Setting the Course for Future CPAs
The role of the CPA continues to change for the better. With each new technological advancement, tasks become more efficient and CPAs become more strategic, specialized and customer- and data-centric. Though the COVID-19 pandemic has altered our sense of day-to-day normalcy, CPAs have risen to the challenge and become better analysts, planners and business partners. Going forward, the use of technology, artificial intelligence and robotic process automation will enhance those skills — and enable more to develop.
The Illinois CPA Society’s (ICPAS) insightful report, CPA Profession 2027: Racing for Relevance, shows just how much influence technology will have on CPAs over the next few years and what implications there will be for the profession. The report explains why CPAs “need to be looking at the turns ahead and positioning themselves to race toward relevance.” And making the shift towards being the most trusted and strategic business advisors is how CPAs “stay in the race for relevance.” We at the NJCPA could not agree more.
The report has seven key predictions for what the CPA profession may look like in 2027. These include:
- Tech races ahead. As firms, companies and consumers pour more energy and investments into technology solutions for everything from simple cashless payments to bookkeeping and tax prep, HR, supply chain management and more, not only must CPAs implement
the technologies relevant for their firms and companies now, they must keep pace with what’s to come for them — and those they serve.
- Worker demand and demands change. Long term, the automation
and displacement of so many jobs promises to reshape CPAs’ firms and the organizations they serve — and so will the social and generational changes unfolding before us. Workers will mostly be agile digital natives who demand greater flexibility. They’ll participate in a much larger project-based and gig economy, and they’ll be more socially conscious than ever before — and they’ll expect their employers and the brands (i.e., companies and organizations) they support to be the same.
- Expectations evolve. CPAs will be expected to better leverage their deep insights into companies’ and clients’ financial lives. Companies and clients will need and expect their CPAs to proactively provide strategic guidance and insights in all areas of their businesses and lives that are based on their unique needs and goals.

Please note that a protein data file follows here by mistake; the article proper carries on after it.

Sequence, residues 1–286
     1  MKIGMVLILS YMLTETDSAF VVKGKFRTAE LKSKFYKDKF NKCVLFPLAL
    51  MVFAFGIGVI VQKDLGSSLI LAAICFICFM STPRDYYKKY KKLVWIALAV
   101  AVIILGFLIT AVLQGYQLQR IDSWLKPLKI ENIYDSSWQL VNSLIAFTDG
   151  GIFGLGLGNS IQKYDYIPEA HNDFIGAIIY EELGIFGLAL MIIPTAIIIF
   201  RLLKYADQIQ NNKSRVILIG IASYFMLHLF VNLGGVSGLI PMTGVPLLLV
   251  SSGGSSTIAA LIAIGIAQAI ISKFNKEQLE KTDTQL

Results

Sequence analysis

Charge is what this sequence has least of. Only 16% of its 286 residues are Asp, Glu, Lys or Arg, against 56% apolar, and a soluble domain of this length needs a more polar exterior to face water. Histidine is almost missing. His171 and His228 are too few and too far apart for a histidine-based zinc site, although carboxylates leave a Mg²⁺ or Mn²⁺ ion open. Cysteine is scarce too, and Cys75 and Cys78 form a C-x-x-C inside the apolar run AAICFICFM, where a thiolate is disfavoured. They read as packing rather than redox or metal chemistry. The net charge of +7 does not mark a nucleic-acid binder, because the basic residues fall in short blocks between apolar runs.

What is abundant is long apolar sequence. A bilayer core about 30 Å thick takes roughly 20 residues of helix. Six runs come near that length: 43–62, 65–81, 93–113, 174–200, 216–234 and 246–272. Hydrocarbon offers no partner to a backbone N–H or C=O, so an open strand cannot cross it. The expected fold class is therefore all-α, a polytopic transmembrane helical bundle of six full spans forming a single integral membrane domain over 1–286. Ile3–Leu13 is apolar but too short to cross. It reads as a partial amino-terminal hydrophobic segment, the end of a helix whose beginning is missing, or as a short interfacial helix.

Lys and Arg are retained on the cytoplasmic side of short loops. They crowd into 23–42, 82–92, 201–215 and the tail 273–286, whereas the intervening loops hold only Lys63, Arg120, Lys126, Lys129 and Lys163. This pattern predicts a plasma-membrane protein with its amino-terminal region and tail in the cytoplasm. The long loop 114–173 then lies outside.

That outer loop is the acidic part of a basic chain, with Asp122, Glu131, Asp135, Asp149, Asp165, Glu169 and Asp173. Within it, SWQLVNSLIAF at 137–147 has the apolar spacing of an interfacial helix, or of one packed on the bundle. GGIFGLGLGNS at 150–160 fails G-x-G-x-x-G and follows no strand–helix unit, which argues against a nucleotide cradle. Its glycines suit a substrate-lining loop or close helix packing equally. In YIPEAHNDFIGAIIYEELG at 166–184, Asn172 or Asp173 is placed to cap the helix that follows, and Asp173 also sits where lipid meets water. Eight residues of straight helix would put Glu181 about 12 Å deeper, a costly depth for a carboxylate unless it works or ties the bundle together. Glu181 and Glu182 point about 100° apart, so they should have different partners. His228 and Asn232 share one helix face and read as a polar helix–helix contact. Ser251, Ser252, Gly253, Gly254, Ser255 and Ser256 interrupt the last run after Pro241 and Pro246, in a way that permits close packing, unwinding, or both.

- CPA firms retool. Apart from the highly specialized niche firms chugging along for a few more laps, the CPA firm as we’ve known it will soon run out of gas and be forced from the race. Moving forward, firms are likely to continue racing down the merger, acquisition and rebranding path as they jostle to position themselves for new growth opportunities in advisory, consulting and other professional services.
- Corporate finance refocuses. Technology systems will generate data that organization leaders will look to CPAs and corporate finance staff to analyze and use to build further strategic insight, thus marrying finance and management into a partnership focused on driving profitability and growth.
- CPAs reset skills. Digital and soft skills will be the top requirements of CPAs in the future — strategic thinking problem solving, analyzing and interpreting data, communicating high-level insights, technology aptitude and agility, creativity and curiosity, innovative thinking and business acumen. This follows in line with the AICPA’s “CPA Horizons 2025 Report,” which describes the CPA as the trusted advisor who, in addition to providing core CPA services, develops solutions to complex problems.
- The CPA population stalls. There will be significantly fewer CPAs in 2027 than in 2019. They’re facing increasing competition for positions they’ve typically held in both public accounting firms and in the corporate sector — all while AI and automation are reducing the overall demand for human talent.
Ralph Albert Thomas
Ralph Albert Thomas, CPA (DC), CGMA, is the CEO and executive director of the New Jersey Socieyt of CPAs. He is a former national and chapter president of the National Association of Black Accountants, was chair of the National Association of State Boards of Accountancy’s State Society Relations Committee and is a member of the accounting advisory boards of Lehigh, Rutgers, Seton Hall, Montclair State, Felician and Thomas Edison universities and Middlesex County College.
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This article appeared in the Spring 2021 issue of New Jersey CPA magazine. Read the full issue.